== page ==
For armchair anthropologists and intrepid travelers alike, the Orkney Islands are a treasure trove of archaeological wonders dating back more than 5,000 years to the Neolithic age. Allow me to provide a little perspective: the Great Pyramid of Giza arrived on the scene a distant five centuries later. This place is old. Orkney, an archipelago flung from the northern tip of Scotland, is sparsely populated, and its ancient marvels solemnly endure the passage of time with few of the typical tourist trappings standing between you and the touch of pre-history.
The informative presentations of Scotland’s preservation societies fail to strip the palpable air of mysticism from these monuments. Dotted across the landscape, circles of stony plinths—wilder cousins of Stonehenge—thrust up from the uniformly level turf; seemingly mundane hills house ancient cairns beneath the earth; and clusters of stone dwellings lie recessed in the ground, hidden beneath your feet. You could easily spend months exploring the thousands of archaeological sites that populate the island chain. If you don’t have months to spare, the sites below roll up grandeur, mystery, and accessibility into a tasty primer of Orcadian history.
Europe’s most complete Neolithic village, Skara Brae’s sod-covered roofs huddle along the southern shore of the Bay of Skaill. This area was nondescript coastline until the mid-Nineteenth century when a massive winter storm stripped the grass from the earth, revealing the outlines of several stone buildings. Exploring the layered stonework dwellings makes one prone to contemplation and feelings of displacement. Alas, the site’s time is sadly limited; with every passing year Skara Brae comes closer to catastrophic erosion courtesy of the cold Atlantic waves.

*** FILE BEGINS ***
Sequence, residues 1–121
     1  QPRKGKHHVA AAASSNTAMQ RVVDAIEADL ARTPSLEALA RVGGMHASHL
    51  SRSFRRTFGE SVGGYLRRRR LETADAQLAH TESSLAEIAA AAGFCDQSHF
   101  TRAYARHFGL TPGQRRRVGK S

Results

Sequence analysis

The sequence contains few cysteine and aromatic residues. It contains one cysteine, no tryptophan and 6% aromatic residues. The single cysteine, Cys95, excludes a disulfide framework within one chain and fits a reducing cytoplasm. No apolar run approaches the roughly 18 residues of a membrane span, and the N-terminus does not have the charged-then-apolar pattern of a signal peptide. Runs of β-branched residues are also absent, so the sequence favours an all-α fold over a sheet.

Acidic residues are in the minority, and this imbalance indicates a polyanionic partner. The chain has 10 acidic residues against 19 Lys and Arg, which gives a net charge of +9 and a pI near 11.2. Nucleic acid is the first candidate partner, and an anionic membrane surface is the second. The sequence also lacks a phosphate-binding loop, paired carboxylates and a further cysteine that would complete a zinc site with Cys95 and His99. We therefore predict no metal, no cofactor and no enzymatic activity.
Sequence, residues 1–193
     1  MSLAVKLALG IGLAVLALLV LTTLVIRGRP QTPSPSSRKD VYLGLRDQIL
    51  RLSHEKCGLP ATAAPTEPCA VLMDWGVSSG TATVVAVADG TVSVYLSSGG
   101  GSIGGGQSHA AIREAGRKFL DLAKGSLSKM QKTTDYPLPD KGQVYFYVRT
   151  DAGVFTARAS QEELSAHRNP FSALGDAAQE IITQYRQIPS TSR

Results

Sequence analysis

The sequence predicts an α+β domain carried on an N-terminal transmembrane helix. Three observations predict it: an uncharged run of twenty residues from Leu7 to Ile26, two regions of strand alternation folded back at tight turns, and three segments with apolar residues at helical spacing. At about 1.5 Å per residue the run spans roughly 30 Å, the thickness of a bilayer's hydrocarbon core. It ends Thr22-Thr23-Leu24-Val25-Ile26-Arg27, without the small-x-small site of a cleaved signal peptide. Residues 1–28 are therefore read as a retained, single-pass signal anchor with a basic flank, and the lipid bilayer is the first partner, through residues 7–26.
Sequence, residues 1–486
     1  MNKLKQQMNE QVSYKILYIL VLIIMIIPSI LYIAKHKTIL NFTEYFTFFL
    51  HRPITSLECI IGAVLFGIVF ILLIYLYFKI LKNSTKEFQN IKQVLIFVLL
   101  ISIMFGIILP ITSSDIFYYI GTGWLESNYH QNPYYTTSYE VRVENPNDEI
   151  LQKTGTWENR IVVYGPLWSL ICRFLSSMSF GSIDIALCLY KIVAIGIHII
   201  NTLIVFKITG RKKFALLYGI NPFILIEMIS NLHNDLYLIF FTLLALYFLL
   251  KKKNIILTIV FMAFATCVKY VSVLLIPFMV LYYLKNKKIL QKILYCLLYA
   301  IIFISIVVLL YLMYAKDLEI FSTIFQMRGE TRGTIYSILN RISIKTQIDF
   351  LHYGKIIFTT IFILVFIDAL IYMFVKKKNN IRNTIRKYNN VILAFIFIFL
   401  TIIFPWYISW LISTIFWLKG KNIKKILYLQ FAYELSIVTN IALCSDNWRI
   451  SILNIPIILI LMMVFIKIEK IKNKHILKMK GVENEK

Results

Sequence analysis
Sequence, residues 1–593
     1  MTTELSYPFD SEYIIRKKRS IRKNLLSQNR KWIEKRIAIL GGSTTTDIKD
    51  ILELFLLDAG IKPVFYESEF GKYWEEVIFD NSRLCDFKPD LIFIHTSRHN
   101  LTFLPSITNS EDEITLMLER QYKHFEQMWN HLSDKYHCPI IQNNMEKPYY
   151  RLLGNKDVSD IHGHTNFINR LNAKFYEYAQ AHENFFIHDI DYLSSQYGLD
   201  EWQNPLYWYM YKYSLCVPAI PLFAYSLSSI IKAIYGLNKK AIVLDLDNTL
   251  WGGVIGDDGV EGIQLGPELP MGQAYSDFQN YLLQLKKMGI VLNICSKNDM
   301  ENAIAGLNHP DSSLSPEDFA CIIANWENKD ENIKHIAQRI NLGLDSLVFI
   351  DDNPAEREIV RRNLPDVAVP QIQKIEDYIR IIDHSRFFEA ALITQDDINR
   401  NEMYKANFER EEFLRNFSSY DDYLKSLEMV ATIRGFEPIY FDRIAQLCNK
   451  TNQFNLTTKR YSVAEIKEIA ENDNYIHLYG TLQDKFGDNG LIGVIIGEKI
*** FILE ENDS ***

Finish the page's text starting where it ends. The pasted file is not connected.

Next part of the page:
The Ring of Brodgar
The Ring of Brodgar ranks as one of the most magnificent stone circles in the world. The purpose of the ring and the possible rituals conducted within its arc remain shrouded to modern eyes, though there is little doubt the ring played an important role in the lives of the Neolithic people due to its proximity to other ancient sites. Catch the ring’s enormous sandstone obelisks at sunset and do yourself a favor: walk the circumference of the ring and touch each stone in turn for a quick rush.
The Stones of Stenness
Like the last remaining teeth of some gargantuan maw, the jagged Stones of Stenness stand on a narrow strip of land between two large lochs on Orkney’s mainland. Visible for miles around, their height, maxing out at 19 feet, distinguishes them from their brethren in the Ring of Brodgar, and the site has been dated to 3000 BCE. Time has taken a toll on the Stones of Stenness – only four of the original 12 stones remain. Nineteenth century locals allegedly referred to these stones as “The Temple of the Moon,” sister to the Ring of Brodgar’s “The Temple of the Sun,” though historians remain dubious of these romantic labels.
Rising from the flat expanse of a farm field, the low mound of Maeshowe looks like any other rolling hill upon first sight. Closer inspection yields a low portal that leads into the dark recesses of a chambered cairn (a burial monument unique to the British Isles). Runic inscriptions from Ninth-century Norsemen “decorate” the interior walls proving that some things never change, even after twelve centuries. The most fascinating aspect of Maeshowe is the midwinter alignment, in which the setting sun casts a ray of light directly through its portal and illuminates the interior of the cairn on the darkest day of the year. It’s normal to feel a little creeped out by that.
The Broch of Gurness
Built several millennia after sites such as Skara Brae and Maeshowe, the Broch of Gurness is an Iron Age village overlooking Eynhallow Sound. The central broch, or tower, is spacious and easily defensible, providing a glimpse of the wild and violent time in which it was occupied. Interestingly, shards of a Roman vase were found upon excavation of the broch.
Whether you’re looking for a rich taste of history, extreme and austere natural beauty, or just a piece of quiet meditation, the Orkney Islands provide ample opportunities for you to indulge.
Been to Orkney yourself? What’s your favorite spot?